Protein Crystallization: The goal of the human genome project was to sequence the genes that code the approximately 30,000 proteins that comprise the human body. While much valuable information is contained in a protein's genetic code, it is often desirable to obtain the three-dimensional structure of the protein in order to elucidate its function. The first step in structure determination is obtaining purified protein, either directly through biochemical separation processes, or if the DNA sequence is known, from expression of the protein using genetically modified organisms. The next step is crystallizing the protein, and the final step is solving the protein structure from x-ray diffraction measurements. However, the structures of only 4,000 of the 30,000 human proteins have been solved, and these represent fewer than 300 of the estimated 1,000 unique protein folds. Most of these structures belong to compact, water soluble, single proteins. More problematic is the lack of human membrane protein structures. Only a handful of the 10,000 human membrane proteins have been solved! Another category for which there are only a few structures are protein complexes. On average, each protein strongly interacts with several other proteins. Some important protein structures, such as the ribosome and slicesome are composed of over 100 individual proteins. 

Video: Droplet generation using a coflow microfluidic device; the protein and precipitant are mixed on-chip to avoid any nucleation before starting the experiment. The stream labeled “Protein” contains lysozyme, 12.5% w/v PEG 8kD, and 0.1 M NaAc at pH 4.8, and the stream labeled “Precipitant” contains 12.5% w/v PEG 8kD, 10% w/v NaCl, and 0.1 M NaAc at pH 4.8. Videos: Sathish Akella. FradenLab YouTube.   


The rate-limiting step is the crystallization process. Crystallographers follow a set of recipes, which are the result of years of experience, and although intuition gleaned from colloidal chemistry aids in improvisation the crystallization process is poorly understood. A typical crystallography lab contains cold rooms stacked floor-to-ceiling with racks upon racks of suspensions of proteins in a range of solvent conditions. A theoretical framework for protein crystallization is needed in order to restrict the parameter space and eliminate crystallization as a bottleneck in structural determination of proteins. The current paradigm is that crystallization proceeds through nucleation and growth, but the microscopic details remain unclear.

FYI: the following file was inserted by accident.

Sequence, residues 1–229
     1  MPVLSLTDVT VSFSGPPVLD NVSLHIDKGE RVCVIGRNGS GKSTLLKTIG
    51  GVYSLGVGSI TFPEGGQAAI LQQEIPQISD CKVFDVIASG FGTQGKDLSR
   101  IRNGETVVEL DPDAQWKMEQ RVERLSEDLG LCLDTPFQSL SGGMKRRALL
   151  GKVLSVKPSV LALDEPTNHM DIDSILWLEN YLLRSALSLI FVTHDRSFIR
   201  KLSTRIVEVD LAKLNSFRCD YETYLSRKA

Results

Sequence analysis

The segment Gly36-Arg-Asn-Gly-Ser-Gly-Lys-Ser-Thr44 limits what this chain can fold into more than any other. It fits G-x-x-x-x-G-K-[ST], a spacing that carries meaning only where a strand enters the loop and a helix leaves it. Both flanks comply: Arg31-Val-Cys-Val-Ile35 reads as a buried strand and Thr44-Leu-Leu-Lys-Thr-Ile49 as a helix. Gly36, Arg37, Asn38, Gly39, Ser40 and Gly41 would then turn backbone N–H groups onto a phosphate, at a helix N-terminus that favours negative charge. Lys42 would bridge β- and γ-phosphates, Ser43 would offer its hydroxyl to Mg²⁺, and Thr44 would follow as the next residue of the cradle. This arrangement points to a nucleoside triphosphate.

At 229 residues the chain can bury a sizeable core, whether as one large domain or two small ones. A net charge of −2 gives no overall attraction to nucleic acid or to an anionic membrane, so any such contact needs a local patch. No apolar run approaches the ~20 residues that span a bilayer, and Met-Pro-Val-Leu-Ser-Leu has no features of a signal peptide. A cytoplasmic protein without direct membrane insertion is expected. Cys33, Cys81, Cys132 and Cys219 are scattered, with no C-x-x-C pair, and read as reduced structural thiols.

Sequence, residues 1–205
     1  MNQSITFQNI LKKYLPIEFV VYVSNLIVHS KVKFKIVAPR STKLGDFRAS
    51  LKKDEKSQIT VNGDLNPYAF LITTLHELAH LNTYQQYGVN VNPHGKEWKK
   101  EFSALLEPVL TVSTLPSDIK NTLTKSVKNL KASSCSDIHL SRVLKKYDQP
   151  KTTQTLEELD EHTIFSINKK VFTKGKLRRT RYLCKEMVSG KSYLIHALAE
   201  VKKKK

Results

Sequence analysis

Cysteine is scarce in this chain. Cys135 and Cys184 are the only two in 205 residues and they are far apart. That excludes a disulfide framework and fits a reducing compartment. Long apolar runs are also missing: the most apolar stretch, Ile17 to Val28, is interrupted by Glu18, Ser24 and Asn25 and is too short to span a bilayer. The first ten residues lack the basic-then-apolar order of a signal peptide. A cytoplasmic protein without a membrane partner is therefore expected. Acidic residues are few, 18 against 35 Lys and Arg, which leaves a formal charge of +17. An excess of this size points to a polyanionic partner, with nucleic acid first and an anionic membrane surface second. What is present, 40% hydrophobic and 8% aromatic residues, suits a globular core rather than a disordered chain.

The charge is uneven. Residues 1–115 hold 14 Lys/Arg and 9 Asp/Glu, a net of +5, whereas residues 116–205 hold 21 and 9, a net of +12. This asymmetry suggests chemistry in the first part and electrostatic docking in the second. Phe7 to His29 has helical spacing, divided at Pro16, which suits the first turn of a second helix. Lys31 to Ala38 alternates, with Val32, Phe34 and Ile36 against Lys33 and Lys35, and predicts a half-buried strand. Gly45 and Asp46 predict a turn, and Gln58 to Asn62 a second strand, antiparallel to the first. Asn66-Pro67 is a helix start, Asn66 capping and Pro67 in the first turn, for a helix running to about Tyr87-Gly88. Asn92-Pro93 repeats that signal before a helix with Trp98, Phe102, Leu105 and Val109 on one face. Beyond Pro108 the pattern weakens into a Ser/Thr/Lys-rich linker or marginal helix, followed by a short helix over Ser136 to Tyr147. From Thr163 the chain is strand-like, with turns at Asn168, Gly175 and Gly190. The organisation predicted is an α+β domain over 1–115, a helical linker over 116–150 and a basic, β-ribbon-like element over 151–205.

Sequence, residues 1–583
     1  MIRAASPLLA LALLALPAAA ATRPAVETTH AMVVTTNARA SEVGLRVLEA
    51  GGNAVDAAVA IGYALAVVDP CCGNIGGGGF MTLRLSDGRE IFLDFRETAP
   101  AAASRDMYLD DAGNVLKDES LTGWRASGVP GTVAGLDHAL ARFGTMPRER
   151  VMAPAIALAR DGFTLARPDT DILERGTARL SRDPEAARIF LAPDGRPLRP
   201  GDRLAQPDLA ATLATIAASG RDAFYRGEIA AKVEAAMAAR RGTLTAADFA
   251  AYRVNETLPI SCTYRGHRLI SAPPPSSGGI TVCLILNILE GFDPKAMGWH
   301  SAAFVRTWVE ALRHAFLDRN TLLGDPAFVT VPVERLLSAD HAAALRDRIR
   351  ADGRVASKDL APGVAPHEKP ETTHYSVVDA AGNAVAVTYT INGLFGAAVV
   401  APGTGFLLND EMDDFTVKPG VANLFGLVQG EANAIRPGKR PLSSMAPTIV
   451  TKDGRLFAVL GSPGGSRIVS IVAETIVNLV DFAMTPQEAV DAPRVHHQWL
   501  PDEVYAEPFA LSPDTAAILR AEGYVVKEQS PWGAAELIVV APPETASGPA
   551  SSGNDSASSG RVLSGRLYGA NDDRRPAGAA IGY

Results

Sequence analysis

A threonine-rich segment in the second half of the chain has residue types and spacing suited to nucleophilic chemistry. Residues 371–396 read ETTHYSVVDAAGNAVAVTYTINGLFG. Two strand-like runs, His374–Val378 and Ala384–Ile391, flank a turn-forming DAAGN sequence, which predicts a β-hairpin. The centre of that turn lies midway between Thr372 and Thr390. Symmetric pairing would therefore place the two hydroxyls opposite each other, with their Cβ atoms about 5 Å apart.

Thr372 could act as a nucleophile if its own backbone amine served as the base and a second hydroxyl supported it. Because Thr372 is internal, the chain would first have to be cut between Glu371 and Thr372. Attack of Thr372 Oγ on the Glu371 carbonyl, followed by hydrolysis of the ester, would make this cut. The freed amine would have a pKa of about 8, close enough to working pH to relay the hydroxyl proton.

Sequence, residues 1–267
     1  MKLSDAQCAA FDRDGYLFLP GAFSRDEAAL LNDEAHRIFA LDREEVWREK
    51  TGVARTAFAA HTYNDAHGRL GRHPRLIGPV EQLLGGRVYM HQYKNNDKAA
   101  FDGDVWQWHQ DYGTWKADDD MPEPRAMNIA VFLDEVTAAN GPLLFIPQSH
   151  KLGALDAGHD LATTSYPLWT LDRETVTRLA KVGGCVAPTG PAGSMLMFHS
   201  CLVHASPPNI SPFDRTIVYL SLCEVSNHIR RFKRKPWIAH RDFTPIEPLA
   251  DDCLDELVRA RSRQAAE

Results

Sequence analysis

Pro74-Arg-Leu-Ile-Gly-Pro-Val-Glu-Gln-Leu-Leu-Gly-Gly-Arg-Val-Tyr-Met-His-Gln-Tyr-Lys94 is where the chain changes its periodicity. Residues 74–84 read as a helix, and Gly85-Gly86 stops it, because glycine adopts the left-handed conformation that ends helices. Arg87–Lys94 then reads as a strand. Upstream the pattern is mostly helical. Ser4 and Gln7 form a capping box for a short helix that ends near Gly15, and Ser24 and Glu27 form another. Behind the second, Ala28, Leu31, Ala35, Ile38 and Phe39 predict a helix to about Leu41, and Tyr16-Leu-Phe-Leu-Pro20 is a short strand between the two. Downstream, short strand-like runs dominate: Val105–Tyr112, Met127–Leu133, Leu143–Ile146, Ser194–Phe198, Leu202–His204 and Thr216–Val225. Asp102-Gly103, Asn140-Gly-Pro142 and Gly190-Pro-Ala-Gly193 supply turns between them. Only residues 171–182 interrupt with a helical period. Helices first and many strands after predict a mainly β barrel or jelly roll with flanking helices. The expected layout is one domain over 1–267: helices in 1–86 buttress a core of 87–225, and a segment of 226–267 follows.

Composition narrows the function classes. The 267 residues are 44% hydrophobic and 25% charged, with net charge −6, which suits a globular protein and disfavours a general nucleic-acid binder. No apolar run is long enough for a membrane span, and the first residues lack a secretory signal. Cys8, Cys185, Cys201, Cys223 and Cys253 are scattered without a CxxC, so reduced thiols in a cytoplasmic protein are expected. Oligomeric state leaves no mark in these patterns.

Video: Lysosyme crystallization in emulsion droplets of volume of 1 nL produced using microfluidics. The crystallization conditions are 30 mg / mL lysozyme, 12.5% w/v PEG 8kD, and 5% NaCl in 0.1 M NaAc buffer at pH 4.8 and at 6 °C. The total duration of the crystallization trial is approximately 36 h. The stochastic nature of crystal appearance is a characteristic of an activated process. The number of drops without crystals as a function of time provides information about the nucleation rate. Videos: Sathish Akella. FradenLab YouTube.   


The theme running through our technology and methodology development research is the long recognized fact that the key to optimizing crystallization is the separation of nucleation and growth. By squarely confronting the fundamental kinetic nature of crystallization, we are developing complementary, portable, scalable and economical high-throughput technologies designed to exploit the kinetics of crystallization. One consequence of the particulars of our approach is that the crystals produced will be small. Independently of our technology, it turns out that for the other popular methods of crystallization, i.e. vapor diffusion and microbatch, small crystals appear more frequently than large ones. Our strategy is to exploit the relative abundance of small crystals over large ones by developing a technology to obtain structures from microcrystals.


Emulsion-Based Technique To Measure Protein Crystal Nucleation Rates of Lysozyme

Crystal Growth & Design 14, 4487-4509 (2014); Movies: DOI: 10.1021/cg500562r.


Room-temperature serial crystallography using a kinetically optimized microfluidic device for protein crystallization and on-chip X-ray diffraction 

IUCrJ 1, 349–360 (2014);  doi:10.1107/S2052252514016960